“He’s got electric stuff. What we worked on in Stockton was just quality of pitches. Throwing in off the plate instead of throwing in over the plate. Creating lanes with his four-seam fastball to set-up his breaking ball. Throwing the two-seam fastball more. Throwing the change-up more,” Connelly said. “He has a hard, late-diving change-up. It’s 89-90 miles an hour, but it’s got heavy sink to it and it’s a good pitch for him. When you have that kind of movement on your change-up, the separation between fastball and change-up speed isn’t as important, as long as the hitters are still out-in-front and it has that late action to it.”

A’s minor league pitching coordinator Gil Patterson got an opportunity to sit down with Holmes for the first time this fall. Patterson said that Holmes’ biggest focus during Instructs was throwing his two-seamer and change-up more frequently. Patterson said he also worked with Holmes to add a cut-fastball, which he believes will be more effective than Holmes’ four-seamer, which averages mid-90s but is very straight.

“You had to take a second glance because when you watch him warm up, you almost think he’s going to throw a no-hitter each time out there. Then he gives up some hard contact [in the game] and you have to think, ‘what’s going on here,” Patterson said. “But this Instructional League, he threw only two outings and three bullpens, but I think we found some things. He has a really good change-up and his two-seamer really dive-bombs. Holmesy and Cons worked a little bit on the breaking ball to enhance it some and I think we were happy with that.

“I remember one day, he was playing catch and I said, ‘I saw a couple of your four-seamers cut. How come some do and some don’t?’ And he said, ‘if I hold it this way, it cuts, but the Dodgers always wanted me to throw it straight.’ I said, ‘you throw a pitch 94 that cuts? Show me.’ So he threw a couple and I said, ‘remember that one that you threw straight? You aren’t throwing that one anymore.’ I think going forward that pitch will be more effective for him.”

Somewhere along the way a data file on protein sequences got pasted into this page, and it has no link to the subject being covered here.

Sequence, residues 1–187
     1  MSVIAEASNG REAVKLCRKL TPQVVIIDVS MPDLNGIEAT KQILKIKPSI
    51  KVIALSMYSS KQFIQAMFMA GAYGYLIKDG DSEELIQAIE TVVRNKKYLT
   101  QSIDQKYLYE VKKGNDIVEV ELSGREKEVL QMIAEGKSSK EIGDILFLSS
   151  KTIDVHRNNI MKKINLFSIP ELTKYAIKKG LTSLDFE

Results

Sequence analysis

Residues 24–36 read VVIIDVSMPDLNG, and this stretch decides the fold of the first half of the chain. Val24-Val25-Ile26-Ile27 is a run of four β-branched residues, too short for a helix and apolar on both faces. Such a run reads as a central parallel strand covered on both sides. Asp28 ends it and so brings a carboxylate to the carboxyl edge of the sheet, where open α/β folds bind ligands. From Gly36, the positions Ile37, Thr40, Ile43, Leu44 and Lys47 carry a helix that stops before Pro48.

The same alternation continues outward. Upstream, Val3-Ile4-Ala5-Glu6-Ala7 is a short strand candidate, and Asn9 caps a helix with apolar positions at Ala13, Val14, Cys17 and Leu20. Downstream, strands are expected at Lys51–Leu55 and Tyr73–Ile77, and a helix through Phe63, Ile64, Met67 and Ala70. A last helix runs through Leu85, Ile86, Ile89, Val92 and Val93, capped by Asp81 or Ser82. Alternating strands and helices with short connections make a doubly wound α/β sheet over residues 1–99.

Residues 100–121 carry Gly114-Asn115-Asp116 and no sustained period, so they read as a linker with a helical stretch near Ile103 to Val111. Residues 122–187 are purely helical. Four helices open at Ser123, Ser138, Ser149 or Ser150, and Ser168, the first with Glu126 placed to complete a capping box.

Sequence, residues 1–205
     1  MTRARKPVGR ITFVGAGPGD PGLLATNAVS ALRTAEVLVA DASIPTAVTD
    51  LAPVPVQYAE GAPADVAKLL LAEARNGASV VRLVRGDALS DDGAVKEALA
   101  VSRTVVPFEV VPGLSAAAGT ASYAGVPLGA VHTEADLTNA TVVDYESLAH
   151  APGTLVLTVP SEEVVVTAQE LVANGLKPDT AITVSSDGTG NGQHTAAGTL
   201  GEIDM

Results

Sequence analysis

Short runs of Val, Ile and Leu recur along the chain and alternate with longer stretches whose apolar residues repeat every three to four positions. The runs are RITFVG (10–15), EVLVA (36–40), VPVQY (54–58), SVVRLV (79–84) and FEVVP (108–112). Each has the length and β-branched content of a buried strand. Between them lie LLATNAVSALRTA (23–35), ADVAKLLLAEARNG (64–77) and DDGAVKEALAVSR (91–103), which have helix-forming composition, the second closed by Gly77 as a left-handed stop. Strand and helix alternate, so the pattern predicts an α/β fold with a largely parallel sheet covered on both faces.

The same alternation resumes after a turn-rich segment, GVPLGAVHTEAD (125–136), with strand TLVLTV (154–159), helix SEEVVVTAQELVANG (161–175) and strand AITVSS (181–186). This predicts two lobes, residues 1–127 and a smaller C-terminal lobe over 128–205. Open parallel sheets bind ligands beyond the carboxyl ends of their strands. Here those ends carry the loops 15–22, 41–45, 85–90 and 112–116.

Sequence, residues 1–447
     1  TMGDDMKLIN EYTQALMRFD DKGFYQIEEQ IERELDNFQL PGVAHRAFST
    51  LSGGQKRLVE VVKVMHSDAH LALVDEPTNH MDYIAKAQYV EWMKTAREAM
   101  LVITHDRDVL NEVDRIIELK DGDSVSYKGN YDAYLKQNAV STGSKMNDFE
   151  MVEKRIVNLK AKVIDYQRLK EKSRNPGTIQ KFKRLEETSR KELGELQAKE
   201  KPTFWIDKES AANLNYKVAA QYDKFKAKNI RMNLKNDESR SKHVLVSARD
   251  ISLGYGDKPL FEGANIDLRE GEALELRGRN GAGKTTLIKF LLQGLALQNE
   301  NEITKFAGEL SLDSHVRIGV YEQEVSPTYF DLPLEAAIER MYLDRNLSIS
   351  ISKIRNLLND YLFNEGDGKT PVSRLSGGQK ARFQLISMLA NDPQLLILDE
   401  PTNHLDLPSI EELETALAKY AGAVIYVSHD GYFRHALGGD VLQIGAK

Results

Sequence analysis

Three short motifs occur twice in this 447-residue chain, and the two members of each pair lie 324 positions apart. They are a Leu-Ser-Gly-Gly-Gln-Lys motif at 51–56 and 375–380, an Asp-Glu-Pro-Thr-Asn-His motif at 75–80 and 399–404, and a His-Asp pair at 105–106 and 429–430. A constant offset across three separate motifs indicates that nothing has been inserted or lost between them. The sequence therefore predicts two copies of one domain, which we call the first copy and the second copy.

Holmes has plenty of weapons, with a four-seam fastball that can touch 96, a hard sinker that sits in the low-90s, a change-up that is firm (88-90 MPH) but has plenty of late sink (similar to a split-fingered fastball), a breaking ball and the new cut-fastball. At 6’1’’, 215, Holmes already has a mature frame that has plenty of strength in the lower half. His build is reminiscent of Cain and former A’s starter Joe Blanton, both of whom were workhorses in the big leagues. Holmes is a groundball pitcher with swing-and-miss stuff, but he is still refining his command and learning how to pitch rather than trying to overpower hitters. Given that he has pitched a full three-years younger than the average player each of the past two seasons, it isn’t surprising that he has hit a few bumps in the road.

Given that he did struggle at the end of the 2016 season, Holmes could return to the Cal League and Stockton to start the 2017 campaign if the A’s want him to build his confidence there before heading to Double-A. However, Holmes has been challenged throughout his career and it wouldn’t be surprising at all to see the A’s push him up to Midland to start the season. In any case, there is a strong probability that Holmes will spend at least half of his age-21 season in Double-A.